1.3.2011 New ideas re situation awareness

Gugerty, L. (2011). Situation awareness in driving. In Fisher, D. L., Rizzo, M., Caird, J. K., & Lee, J. D. (Eds). Handbook of Driving Simulation for Engineering, Medicine, and Psychology. Boca Raton, FL: CRC Press.
In a recent chapter (PDF), I focused on the component processes, both perceptual and cognitive, that make up the ability to maintain situation awareness (SA) during the real-time task of driving. The chapter also surveys methods of measuring SA, especially using driving simulators. What makes this chapter a bit different from other overviews of SA is: 1) the inclusion of processes not usually considered to be part of this construct, such as ambient vision and multitasking; and 2) the description of theoretical models for many of the component processes of SA (e.g., Wickens SEEV model). The chapter suggests that maintaining SA involves processes of focal vision (including attention allocation within tasks, event comprehension, and task management across concurrent tasks) as well as ambient vision processes (including attention capture by sudden peripheral events). Situation awareness is a complex process that requires assessment by a variety of online and offline measures. Research using these measures shows that most of the above components of SA can be trained, improve with driving experience, and correlate positively with safe driving.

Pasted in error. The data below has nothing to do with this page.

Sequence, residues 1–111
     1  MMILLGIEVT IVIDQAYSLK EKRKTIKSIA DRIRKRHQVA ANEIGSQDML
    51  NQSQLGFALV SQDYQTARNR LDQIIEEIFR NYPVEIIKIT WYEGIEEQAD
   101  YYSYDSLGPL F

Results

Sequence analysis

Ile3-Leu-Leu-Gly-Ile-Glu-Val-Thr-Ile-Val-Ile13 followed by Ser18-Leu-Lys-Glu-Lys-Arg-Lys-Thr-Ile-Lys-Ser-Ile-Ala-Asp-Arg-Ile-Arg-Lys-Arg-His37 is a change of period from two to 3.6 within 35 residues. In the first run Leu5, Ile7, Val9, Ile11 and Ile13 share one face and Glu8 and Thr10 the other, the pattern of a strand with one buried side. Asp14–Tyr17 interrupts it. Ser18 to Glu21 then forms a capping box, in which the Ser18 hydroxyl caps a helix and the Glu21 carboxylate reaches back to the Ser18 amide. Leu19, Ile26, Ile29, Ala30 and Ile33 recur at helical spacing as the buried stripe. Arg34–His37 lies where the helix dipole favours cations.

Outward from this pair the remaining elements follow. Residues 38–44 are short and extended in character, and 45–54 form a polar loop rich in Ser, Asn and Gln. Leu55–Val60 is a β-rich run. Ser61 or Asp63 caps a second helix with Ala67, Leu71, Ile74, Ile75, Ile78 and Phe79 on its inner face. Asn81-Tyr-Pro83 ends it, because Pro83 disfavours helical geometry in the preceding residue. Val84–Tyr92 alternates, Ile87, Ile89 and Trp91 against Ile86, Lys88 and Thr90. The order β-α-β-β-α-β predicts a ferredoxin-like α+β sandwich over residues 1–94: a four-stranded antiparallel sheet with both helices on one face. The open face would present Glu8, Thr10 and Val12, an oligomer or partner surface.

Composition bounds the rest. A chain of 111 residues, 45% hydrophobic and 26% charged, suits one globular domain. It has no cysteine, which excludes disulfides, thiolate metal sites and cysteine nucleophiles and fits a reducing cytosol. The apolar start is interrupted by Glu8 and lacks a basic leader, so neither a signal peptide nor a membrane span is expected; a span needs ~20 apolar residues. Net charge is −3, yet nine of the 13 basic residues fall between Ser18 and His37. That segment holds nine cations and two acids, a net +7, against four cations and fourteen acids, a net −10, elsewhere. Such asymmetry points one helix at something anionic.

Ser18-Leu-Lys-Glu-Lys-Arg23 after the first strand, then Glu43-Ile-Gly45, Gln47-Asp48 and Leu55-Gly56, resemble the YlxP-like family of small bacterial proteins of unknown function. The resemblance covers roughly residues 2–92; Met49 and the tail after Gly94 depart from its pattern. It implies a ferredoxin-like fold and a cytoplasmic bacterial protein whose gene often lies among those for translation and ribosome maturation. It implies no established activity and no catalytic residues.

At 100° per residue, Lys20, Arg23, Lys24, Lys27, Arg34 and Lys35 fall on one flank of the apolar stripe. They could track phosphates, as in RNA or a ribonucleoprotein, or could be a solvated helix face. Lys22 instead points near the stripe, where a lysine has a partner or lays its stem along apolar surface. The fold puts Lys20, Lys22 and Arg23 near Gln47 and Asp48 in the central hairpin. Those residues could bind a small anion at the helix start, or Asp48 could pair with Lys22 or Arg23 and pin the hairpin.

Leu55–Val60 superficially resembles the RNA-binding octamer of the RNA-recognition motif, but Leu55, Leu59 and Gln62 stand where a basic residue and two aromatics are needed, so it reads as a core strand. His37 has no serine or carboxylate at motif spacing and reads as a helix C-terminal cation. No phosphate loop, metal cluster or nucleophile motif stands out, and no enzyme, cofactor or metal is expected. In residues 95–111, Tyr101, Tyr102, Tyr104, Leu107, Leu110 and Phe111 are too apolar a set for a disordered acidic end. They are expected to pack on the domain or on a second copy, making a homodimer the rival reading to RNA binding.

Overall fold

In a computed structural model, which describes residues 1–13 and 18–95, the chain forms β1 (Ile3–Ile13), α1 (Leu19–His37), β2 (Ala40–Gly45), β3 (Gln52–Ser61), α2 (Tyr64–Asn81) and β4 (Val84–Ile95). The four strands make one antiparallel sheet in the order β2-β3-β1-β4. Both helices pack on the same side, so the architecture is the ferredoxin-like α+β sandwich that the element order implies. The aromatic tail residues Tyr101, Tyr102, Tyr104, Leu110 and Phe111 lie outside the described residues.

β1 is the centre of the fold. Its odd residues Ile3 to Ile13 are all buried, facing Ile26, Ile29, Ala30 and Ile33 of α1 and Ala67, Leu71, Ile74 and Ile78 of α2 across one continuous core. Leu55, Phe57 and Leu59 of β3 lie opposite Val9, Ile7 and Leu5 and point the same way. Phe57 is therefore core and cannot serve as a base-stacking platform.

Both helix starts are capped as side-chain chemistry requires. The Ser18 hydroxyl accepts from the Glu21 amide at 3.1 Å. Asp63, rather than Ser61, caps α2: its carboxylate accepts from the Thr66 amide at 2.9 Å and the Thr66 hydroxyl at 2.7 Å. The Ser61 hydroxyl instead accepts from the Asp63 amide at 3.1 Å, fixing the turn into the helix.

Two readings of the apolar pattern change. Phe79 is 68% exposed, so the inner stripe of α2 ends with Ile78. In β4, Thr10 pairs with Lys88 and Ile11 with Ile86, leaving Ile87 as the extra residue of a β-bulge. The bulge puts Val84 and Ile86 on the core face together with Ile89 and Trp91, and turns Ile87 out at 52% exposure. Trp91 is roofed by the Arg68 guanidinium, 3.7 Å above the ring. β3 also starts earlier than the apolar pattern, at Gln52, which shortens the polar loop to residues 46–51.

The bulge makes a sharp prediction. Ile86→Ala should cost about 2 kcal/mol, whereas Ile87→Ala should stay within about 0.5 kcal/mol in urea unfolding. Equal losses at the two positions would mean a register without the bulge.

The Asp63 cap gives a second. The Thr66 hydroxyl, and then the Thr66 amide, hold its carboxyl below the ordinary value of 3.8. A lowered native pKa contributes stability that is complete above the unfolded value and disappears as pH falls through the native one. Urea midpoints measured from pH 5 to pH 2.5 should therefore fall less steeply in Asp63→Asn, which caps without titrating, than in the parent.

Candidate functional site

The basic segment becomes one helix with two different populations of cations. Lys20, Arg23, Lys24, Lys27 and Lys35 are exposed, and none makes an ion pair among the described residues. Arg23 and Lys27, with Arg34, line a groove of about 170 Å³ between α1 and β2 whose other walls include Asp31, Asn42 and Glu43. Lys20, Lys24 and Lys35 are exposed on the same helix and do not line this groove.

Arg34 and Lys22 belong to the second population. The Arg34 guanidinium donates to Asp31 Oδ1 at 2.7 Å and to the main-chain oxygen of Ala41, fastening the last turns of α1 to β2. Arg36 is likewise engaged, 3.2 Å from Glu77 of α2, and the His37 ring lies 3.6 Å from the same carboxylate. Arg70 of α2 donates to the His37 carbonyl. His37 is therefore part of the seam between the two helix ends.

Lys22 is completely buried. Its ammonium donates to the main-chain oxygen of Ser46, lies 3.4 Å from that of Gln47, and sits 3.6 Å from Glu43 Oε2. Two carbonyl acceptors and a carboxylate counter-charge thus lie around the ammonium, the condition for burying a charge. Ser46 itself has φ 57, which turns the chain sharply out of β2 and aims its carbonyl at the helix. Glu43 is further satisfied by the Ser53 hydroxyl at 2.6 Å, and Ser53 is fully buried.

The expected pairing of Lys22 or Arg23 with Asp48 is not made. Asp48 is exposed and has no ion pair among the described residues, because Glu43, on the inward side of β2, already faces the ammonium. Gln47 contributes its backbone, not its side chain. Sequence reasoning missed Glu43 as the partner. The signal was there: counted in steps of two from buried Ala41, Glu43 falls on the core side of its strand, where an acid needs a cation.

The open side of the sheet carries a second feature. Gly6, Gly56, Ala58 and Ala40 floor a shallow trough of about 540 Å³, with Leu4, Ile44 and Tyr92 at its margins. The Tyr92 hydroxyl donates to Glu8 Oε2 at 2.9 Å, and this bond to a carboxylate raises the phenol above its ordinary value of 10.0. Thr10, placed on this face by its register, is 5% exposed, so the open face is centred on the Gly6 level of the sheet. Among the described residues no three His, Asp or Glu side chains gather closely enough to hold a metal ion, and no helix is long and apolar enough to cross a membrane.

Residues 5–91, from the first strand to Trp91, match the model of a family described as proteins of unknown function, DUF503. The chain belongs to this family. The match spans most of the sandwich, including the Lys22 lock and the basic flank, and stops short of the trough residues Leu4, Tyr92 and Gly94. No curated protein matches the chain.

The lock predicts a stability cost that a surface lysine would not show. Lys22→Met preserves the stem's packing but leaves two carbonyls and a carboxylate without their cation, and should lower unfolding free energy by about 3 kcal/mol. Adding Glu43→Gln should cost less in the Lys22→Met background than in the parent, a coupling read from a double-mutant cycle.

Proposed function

7.01.2010 Eye tracking measures of situation awareness

Kristin Moore & L. Gugerty, Human Factors & Ergonomics Society Proceedings, 2010. Development of a novel measure of situation awareness: The case for eye movement analysis.
Abstract Situation awareness is a measure of an individual's knowledge and understanding of the current and expected future states of a situation. While there are numerous options for SA measurement, none are currently suitable in dynamic, uncontrolled environments. The current research explored the relationship between direct measures of SA and eye tracking measures as a first step in the development of an unobtrusive SA measure to be used in environments not suited for current SA measures. Results showed that the more individuals fixated on an important aircraft in an air traffic control task, the higher their SA for that aircraft. The study also provided evidence that the way operators allocate attention (i.e., distributed widely or narrowly) affects their SA, as well as their task performance. The results indicate that eye tracking may be a viable option for measuring SA in environments not conducive to current direct SA measurement techniques.

 4.15.2008 Training for AED use